Love in 'Romeo and Juliet'

Claire Danes And Leonardo DiCaprio In 'Romeo + Juliet'
20th Century Fox / Getty Images

The play "Romeo and Juliet" has become forever associated with love. It's a truly iconic story of romance and passion—even the name “Romeo” is still used to describe enthusiastic young lovers.

But while the romantic love between the titular characters is often what we think of when we consider the love theme in "Romeo and Juliet," Shakespeare’s treatment of the concept of love is complex and multifaceted. Through different characters and relationships, he portrays some of the various types of love and the different ways it can manifest.

These are some of the expressions of love Shakespeare threads together to create the play.

Shallow Love

Some characters fall in and out of love very quickly in "Romeo and Juliet." For example, Romeo is in "love" with Rosaline at the start of the play, but it is presented as an immature infatuation. Today, we might use the term “puppy love” to describe it. Romeo’s love for Rosaline is shallow, and nobody really believes that it will last, including Friar Laurence:

Romeo: Thou chid'st me oft for loving Rosaline.
Friar Laurence: For doting, not for loving, pupil mine.
(Act Two, Scene Three)

Similarly, Paris’ love for Juliet is borne out of tradition, not passion. He has identified her as a good candidate for a wife and approaches her father to arrange the marriage. Although this was the tradition at the time, it also says something about Paris’ staid, unpassionate attitude toward love. He even admits to Friar Laurence that in his haste to rush the wedding, he hasn’t discussed it with his bride-to-be:

Friar Laurence: On Thursday, sir? the time is very short.
Paris: My father Capulet will have it so;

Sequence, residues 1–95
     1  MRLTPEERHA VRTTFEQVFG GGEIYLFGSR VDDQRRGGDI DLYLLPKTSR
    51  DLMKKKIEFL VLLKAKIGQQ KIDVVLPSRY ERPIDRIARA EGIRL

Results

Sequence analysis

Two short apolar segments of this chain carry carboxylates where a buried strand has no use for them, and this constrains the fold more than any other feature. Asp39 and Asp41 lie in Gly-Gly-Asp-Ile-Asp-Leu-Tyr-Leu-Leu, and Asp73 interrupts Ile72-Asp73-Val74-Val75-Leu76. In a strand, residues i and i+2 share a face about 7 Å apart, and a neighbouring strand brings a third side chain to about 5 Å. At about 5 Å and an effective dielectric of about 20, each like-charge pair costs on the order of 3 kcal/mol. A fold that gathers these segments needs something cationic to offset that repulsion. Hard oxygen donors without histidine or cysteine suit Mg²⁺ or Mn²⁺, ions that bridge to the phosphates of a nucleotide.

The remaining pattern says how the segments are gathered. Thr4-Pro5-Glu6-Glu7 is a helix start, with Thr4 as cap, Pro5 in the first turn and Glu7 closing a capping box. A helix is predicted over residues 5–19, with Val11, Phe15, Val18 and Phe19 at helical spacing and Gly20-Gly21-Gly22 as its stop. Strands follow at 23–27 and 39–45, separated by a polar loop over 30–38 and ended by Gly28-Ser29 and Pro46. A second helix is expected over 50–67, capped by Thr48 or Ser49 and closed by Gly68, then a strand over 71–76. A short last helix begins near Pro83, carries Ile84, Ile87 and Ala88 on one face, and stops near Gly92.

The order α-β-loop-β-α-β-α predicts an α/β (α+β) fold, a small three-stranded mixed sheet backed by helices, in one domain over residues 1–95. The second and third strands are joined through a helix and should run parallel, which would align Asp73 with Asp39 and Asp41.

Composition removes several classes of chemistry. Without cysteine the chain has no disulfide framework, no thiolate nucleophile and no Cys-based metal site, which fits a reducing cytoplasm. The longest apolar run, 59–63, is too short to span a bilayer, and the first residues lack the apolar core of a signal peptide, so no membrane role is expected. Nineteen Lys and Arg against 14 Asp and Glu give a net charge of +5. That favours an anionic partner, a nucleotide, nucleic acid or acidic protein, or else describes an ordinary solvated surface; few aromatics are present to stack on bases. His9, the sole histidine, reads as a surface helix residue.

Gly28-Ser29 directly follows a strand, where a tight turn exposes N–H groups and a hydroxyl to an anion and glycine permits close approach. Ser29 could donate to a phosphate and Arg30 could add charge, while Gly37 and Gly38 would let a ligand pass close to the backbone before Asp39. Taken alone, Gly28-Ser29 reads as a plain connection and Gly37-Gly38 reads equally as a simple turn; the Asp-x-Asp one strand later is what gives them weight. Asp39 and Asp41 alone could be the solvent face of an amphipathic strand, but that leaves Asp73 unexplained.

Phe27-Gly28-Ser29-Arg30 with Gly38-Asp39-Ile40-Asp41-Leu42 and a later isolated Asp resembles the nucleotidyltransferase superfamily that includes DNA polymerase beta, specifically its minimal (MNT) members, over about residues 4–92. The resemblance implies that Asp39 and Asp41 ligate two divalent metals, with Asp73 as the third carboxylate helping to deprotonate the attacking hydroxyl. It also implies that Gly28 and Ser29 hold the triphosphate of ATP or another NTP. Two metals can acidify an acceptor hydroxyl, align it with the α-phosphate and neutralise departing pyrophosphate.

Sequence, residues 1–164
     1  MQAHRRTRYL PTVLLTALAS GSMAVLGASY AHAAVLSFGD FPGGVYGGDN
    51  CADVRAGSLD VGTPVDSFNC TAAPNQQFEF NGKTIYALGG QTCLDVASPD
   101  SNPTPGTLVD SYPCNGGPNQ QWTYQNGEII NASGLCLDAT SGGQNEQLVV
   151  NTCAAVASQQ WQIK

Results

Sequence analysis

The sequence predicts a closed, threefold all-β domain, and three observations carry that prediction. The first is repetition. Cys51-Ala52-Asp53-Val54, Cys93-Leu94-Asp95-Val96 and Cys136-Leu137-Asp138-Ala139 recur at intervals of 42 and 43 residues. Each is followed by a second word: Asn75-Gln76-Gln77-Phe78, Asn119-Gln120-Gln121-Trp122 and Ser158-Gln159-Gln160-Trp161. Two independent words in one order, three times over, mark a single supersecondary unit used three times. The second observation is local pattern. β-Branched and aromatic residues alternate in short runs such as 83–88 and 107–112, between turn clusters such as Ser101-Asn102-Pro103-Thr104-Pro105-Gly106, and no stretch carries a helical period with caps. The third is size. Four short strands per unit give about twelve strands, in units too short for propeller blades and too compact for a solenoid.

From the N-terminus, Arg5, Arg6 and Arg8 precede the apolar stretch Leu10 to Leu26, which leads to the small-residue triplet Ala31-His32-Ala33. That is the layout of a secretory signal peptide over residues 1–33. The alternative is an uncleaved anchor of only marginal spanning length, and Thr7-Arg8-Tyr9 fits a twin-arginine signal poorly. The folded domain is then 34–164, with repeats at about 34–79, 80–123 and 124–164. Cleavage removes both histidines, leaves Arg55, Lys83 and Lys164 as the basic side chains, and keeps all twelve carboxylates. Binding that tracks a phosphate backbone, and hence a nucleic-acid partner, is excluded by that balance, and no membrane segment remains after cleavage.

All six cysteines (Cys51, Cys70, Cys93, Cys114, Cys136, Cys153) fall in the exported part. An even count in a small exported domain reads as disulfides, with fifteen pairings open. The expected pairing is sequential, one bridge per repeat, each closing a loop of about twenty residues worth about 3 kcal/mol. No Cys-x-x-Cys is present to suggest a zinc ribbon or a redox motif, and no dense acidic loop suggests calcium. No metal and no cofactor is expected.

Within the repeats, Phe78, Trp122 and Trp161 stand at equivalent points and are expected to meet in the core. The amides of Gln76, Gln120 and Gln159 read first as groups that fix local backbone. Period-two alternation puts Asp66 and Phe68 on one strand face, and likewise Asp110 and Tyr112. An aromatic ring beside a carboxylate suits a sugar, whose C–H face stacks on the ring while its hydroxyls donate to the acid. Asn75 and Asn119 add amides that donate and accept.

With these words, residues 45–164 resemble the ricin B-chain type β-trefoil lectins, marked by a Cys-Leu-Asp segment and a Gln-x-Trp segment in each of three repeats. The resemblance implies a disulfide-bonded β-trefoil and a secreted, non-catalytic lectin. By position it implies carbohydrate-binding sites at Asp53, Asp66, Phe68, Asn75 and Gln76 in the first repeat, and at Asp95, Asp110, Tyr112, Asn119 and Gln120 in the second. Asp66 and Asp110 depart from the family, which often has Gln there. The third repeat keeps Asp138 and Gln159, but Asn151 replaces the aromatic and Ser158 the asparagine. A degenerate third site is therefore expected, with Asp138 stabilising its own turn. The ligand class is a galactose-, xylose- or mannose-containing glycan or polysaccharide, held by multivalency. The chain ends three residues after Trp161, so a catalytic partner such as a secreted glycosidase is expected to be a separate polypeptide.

And I am nothing slow to slack his haste.
Friar Laurence: You say you do not know the lady's mind:
Uneven is the course, I like it not.
Paris: Immoderately she weeps for Tybalt's death,
And therefore have I little talked of love.
(Act Four, Scene One)

Friendly Love

Many of the friendships in the play are as sincere as Romeo and Juliet’s love for one another. The best example of this is in Act Three, Scene One, where Mercutio and Romeo fight Tybalt. When Romeo attempts to bring peace, Mercutio fights back at Tybalt's slander of Romeo. Then, it is out of rage over Mercutio's death that Romeo pursues—and kills—Tybalt:

Romeo: In triumph, and Mercutio slain!
Away to heaven, respective lenity,
And fire-eyed fury be my conduct now.—
Now, Tybalt, take the “villain” back again
That late thou gavest me, for Mercutio’s soul
Is but a little way above our heads,
Staying for thine to keep him company.
Either thou or I, or both, must go with him.
(Act Three, Scene One)

It is out of friendly love for his companion that Romeo acts out.

Romantic Love

Then, of course, is romantic love, the classic idea of which is embodied in "Romeo and Juliet." In fact, maybe it is "Romeo and Juliet" that has influenced our definition of the concept. The characters are deeply infatuated with one another, so committed to being together that they defy their respective families.

Romeo: By a name
I know not how to tell thee who I am.
My name, dear saint, is hateful to myself
Because it is an enemy to thee.
Had I it written, I would tear the word.
(Act Two, Scene Two)

Perhaps Romeo and Juliet's love is fate; their love is given a cosmic significance, which suggests that the universe plays a role in the creation of deep romantic love. Despite their love being disallowed by the Capulet and Montague households, they inevitably—and irresistibly—find themselves drawn together.

Juliet: Prodigious birth of love it is to me
That I must love a loathèd enemy.
Act One, Scene Five)

All in all, Shakespeare presents romantic love as a force of nature, so strong that it transcends expectations, tradition, and—through the combined suicides of lovers who cannot live without one another—life itself.